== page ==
The Vermont Yankee nuclear power plant will see about 30 jobs cut by the end of the year, plant owner Entergy Corp. announced Tuesday. The cuts represent about a 4 percent reduction from the Vernon plant, Entergy spokesman Terry Young said. The layoffs are part of about 800 layoffs throughout Entergy Corp. nationally, he said.
While the number of cuts has been identified, the individuals who will lose their jobs have not been, Young said. They will learn their fate by the end of the year, he said, and will come from a variety of jobs. Vermont Yankee has about 650 employees, he said.
“There really isn’t a particular area. It’s across the board,” Young said.
Critics of the Vernon plant have argued that any cuts in employment will pose hazards to its operation. Young argued that’s not true. “Extra care was given to ensure any reductions don’t adversely impact hands-on staff,” he said.
“Thirty is a big deal,” said Vermont Yankee critic Arnie Gundersen, a former nuclear engineer who lives in Burlington. “It’s like a car. As a car gets older it needs more repair, not less and here they are cutting mechanics.”
Gundersen, who served on a 2008 state oversight panel that looked at Vermont Yankee’s operations, said he thought that cutting 30 jobs would have to affect the safe operation of the plant. He noted that the panel concluded that Vermont Yankee was understaffed at that time after increasing output by 20 percent without adding staff.
Rep. Mike Hebert, R-Vernon, said he’s spoken with people who work at the plant who were relieved the announced layoffs weren’t higher. “Many of these cuts are going to be attrition,” he said. “I know a lot of folks who are slated to retire. They just won’t be replaced.”
Entergy, in a corporate second-quarter earnings report Tuesday, said layoffs are part of the company’s “human capital management reorganization,” or HCM.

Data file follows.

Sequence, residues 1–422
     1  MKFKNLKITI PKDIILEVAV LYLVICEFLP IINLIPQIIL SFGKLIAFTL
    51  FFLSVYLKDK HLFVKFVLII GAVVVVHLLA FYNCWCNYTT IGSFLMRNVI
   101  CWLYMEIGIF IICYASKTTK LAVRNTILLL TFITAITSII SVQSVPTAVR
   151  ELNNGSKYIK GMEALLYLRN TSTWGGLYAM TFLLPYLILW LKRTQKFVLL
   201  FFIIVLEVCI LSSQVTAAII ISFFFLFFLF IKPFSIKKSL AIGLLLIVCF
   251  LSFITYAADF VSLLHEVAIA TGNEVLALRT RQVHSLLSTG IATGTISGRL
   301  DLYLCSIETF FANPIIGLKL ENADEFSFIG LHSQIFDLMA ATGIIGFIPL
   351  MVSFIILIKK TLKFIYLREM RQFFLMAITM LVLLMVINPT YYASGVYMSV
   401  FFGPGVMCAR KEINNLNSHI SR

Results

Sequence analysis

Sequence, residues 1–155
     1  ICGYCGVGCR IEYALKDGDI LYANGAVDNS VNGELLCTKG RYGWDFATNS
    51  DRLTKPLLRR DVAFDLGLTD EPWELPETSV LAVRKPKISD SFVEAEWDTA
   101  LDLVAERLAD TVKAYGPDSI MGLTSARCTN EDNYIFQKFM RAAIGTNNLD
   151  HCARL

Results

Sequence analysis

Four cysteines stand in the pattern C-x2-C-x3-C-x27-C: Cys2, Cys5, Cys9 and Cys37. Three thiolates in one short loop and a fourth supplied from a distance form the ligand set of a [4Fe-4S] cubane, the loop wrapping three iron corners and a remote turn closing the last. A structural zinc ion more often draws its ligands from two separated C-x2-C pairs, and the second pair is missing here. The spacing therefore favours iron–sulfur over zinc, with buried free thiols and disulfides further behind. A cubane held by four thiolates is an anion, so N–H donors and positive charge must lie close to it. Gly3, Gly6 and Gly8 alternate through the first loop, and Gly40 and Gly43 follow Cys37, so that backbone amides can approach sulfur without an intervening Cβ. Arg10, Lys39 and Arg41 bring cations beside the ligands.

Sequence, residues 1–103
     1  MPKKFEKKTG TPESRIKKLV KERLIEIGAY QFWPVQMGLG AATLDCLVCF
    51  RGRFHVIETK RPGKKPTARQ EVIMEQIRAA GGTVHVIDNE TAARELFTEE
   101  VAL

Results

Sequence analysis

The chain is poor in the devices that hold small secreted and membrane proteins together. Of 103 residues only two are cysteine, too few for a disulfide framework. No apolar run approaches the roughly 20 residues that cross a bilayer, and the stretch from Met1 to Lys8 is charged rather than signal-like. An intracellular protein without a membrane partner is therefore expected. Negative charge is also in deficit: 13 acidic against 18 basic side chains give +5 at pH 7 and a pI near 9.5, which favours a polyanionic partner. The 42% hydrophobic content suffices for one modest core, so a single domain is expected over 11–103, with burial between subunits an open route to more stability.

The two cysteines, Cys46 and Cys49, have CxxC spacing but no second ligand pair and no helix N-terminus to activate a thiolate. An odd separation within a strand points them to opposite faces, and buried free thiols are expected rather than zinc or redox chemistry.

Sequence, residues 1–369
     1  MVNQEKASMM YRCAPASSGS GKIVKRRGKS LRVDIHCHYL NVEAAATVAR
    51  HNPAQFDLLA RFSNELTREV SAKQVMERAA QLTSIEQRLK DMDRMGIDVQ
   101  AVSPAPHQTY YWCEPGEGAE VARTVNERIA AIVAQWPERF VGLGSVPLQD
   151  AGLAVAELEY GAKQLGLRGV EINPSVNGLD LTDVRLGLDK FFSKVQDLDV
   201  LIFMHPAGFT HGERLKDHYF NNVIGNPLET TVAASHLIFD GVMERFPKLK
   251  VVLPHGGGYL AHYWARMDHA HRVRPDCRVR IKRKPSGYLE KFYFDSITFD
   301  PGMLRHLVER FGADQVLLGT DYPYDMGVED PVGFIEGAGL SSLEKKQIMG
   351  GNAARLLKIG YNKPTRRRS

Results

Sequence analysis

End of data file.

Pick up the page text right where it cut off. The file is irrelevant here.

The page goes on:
In a news release, the company said, “HCM, a months-long effort, will position Entergy to provide optimal service to all stakeholders while creating real, sustainable savings. As part of this initiative, the company completed the comprehensive redesign of the organization, which will result in approximately 800 positions being eliminated. Total savings from HCM are estimated in the range of approximately $200 million to $250 million by 2016.”
Entergy’s stock price was down just under 1 point Tuesday, at $69.60 a share.
The federal Nuclear Regulatory Commission has minimum staffing requirements for certain areas of a nuclear power plant — control room operators, security and emergency responders — but does not otherwise specify employment levels, NRC spokesman Neil Sheehan said.
Though it was not required to do so, Entergy informed the NRC that it would be announcing job cut figures Tuesday, Sheehan said.
Vermont Yankee, which was built in 1972, has been licensed by the federal Nuclear Regulatory Commission to operate until 2032. Decisions are pending in federal court and with the state Public Service Board over whether the plant needs or has the state’s permission to keep operating. The state Senate voted in 2010 against its continued operation, Entergy sued the state and now the state is appealing a decision in Entergy’s favor.
Source: Burlington Free Press